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Key concepts for CELTA

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In common with most professions, English Language Teaching (aka ELT) has its share of terminology.  It isn't jargon, for the most part, because terms refer to key concepts.

On any CELTA course you are almost certain to come across most of the terms in this guide.  Referring to them now, and taking the little tests will prepare you well to focus on what is being said rather than being distracted by the terms in which it is said.

Many of the terms you will encounter form opposing pairs of ideas and that is how they are presented here.  All the terms in the headings are ones you might meet on your course and should understand.
All these terms are the focus of guides on this site in one way or another.


talk

Area 1: language


structure

Language structure vs. Language function

Be careful:
The word 'function' is used in another way in English Language Teaching.
It can also refer to what a phrase is doing in a sentence.  For example, in:
    I want the blue pair

and
    I want it
the words the blue pair and it are performing the same grammatical function (as the object of the verb want).  That is different from the communicative function of the sentences.

skill

Language skill vs. Language system

chart

Grammar vs. Structure

These terms are sometimes, rather loosely, used to mean the same thing but there is a difference:

student

General English (GE) vs. English for Specific Purposes (ESP)

use

Use vs. Usage

link

Cohesion vs. Coherence

formal

Formal vs. Informal language

There is a cline here, not an on-off distinction.

A key idea associated with style is appropriacy: is the language suitable for the social context in which it is used?


teaching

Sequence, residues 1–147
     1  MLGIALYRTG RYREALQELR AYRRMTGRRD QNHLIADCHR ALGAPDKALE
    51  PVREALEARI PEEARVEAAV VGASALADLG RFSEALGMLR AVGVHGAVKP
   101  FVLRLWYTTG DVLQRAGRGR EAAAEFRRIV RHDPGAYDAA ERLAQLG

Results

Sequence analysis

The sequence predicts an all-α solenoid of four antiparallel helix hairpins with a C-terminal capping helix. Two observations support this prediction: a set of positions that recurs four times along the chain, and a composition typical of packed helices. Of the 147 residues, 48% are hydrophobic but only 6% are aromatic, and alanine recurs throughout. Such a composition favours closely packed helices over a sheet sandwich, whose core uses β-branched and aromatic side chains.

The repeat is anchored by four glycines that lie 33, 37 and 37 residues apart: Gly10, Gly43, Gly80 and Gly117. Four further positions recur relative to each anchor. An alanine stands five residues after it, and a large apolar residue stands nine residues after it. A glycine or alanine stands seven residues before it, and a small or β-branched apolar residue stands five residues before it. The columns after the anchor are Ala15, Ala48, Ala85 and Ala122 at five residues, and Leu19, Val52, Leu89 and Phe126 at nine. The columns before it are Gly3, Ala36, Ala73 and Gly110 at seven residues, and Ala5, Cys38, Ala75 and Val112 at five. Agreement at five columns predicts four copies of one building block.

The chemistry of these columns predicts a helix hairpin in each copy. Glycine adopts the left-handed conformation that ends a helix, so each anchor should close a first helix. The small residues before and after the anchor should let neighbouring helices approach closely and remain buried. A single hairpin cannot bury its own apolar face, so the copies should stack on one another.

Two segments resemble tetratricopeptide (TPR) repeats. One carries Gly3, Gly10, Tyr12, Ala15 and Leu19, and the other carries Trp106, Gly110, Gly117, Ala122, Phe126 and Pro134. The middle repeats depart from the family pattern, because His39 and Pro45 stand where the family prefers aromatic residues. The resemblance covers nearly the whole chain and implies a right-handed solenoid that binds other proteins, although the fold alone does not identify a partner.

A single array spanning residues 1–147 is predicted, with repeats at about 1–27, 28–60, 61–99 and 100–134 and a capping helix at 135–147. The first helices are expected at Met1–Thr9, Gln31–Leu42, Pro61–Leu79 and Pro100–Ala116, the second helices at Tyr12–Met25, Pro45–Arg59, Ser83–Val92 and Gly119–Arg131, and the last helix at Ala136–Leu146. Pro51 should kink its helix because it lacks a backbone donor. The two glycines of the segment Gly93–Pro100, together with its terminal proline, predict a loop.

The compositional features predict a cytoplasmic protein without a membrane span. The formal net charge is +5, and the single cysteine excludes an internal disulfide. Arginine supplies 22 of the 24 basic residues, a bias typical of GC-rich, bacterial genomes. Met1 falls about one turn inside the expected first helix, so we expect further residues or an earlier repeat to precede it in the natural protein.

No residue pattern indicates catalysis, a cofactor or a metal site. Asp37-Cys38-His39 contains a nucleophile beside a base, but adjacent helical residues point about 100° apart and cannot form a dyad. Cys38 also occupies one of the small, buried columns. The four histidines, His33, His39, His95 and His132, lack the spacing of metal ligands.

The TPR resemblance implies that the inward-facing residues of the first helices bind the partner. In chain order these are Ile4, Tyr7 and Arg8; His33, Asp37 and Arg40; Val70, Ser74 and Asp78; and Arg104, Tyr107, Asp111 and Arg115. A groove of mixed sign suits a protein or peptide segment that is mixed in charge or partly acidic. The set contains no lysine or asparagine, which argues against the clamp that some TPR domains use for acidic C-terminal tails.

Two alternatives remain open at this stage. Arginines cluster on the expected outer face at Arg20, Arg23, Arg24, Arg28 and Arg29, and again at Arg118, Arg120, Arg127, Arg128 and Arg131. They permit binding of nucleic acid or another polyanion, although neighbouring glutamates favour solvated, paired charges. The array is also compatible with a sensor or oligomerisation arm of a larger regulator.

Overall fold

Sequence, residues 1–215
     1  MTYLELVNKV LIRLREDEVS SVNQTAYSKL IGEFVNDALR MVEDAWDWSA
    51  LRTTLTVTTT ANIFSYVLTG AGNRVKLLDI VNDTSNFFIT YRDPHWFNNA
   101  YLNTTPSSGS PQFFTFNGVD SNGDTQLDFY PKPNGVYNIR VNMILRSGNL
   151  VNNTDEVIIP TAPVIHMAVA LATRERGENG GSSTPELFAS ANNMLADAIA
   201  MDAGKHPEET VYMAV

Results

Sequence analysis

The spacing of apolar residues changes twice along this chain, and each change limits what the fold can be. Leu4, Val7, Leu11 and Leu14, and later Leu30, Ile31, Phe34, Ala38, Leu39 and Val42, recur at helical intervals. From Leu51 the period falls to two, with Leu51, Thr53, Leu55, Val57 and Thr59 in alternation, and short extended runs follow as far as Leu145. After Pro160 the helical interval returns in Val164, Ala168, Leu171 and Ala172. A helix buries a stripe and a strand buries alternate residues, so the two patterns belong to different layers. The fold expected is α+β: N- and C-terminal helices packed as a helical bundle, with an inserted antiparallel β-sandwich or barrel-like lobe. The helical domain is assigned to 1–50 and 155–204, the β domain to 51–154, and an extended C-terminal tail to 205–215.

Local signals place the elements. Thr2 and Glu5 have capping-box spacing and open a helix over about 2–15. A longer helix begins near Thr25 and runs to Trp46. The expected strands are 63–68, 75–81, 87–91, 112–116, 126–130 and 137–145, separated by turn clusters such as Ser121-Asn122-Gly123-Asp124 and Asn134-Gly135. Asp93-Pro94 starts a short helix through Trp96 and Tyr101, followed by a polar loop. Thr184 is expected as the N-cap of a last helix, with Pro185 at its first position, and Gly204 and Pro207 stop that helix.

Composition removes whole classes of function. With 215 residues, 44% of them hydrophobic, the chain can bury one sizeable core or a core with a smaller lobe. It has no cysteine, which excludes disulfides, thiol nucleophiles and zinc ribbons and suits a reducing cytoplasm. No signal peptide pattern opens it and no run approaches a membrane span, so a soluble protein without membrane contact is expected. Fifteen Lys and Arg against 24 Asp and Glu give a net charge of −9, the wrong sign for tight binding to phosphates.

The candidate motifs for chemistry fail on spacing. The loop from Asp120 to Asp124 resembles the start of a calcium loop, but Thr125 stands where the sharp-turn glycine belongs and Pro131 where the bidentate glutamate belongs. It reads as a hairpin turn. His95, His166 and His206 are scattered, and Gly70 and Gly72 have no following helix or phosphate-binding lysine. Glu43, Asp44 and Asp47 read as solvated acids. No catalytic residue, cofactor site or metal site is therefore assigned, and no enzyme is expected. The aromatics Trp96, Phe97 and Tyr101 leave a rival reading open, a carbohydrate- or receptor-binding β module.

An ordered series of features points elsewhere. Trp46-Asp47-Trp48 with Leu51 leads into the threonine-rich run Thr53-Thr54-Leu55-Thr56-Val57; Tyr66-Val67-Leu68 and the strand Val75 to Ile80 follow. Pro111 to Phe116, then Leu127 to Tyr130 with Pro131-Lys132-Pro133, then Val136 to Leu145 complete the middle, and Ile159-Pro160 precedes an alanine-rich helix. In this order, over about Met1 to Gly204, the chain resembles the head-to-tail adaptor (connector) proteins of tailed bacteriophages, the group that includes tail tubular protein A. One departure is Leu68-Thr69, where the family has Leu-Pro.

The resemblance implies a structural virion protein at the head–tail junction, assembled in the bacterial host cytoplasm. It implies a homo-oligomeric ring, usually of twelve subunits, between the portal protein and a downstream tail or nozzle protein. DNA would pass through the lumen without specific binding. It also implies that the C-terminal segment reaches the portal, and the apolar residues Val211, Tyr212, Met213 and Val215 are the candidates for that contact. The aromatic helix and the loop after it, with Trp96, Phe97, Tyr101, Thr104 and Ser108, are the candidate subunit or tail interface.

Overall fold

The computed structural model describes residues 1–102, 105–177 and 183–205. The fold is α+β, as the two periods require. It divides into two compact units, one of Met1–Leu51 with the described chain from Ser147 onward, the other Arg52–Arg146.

Area 2: Teaching and Learning


teacing

Structural language teaching vs. Communicative Language Teaching (CLT)

If you would like to investigate this difference a little more, try the essential guide to methodology (new tab) which considers three basic sets of methodological approaches to teaching English (or any language).

context

Context vs. Co-text

There is a guide to context on this site (new tab).

detective

Inductive vs. Deductive Learning

It is worth pointing out here that inductive and deductive learning cannot be easily separated: it's not an either-or situation, in other words.
However learners acquire a rule, be it from being told, reading about it in a grammar book or working it out for themselves, they then have to apply the rule to the language they want to use and that is a deductive process.

display

Display question vs. Communicative or Real question

open

Open questions vs. Closed questions

Closed questions are often display questions because the teacher usually knows the answer although a question like:
    Where did you buy that lovely scarf?
may well be a communicative question.

You can see that closed questions are:

Open questions are much more demanding (and produce more language from students) because they:

think

Behaviourism vs. Cognitivism

control

Controlled activities vs. Free activities

Again, there is a cline from very tightly controlled to completely free activities.

accuracy

Accuracy vs. Fluency

At various points in most lessons the focus will be on one or the other.

follow

Learner led vs. Teacher led

learning

Learning vs. Acquisition

This distinction is usually credited to a theorist called Krashen.

transfer

Language transfer
Interference vs. Facilitation

All learners, especially adults, will use their first languages to help them understand a second language and, unless they know otherwise, may assume that the language they are learning and their own first language work in parallel ways.  Sometimes, of course, they do and the learner gets lucky and that is language facilitation.  At other times, they don't and that is called language interference.
Here are two examples:

There is a guide on this site to language facilitation and language interference.


Try a test (or two).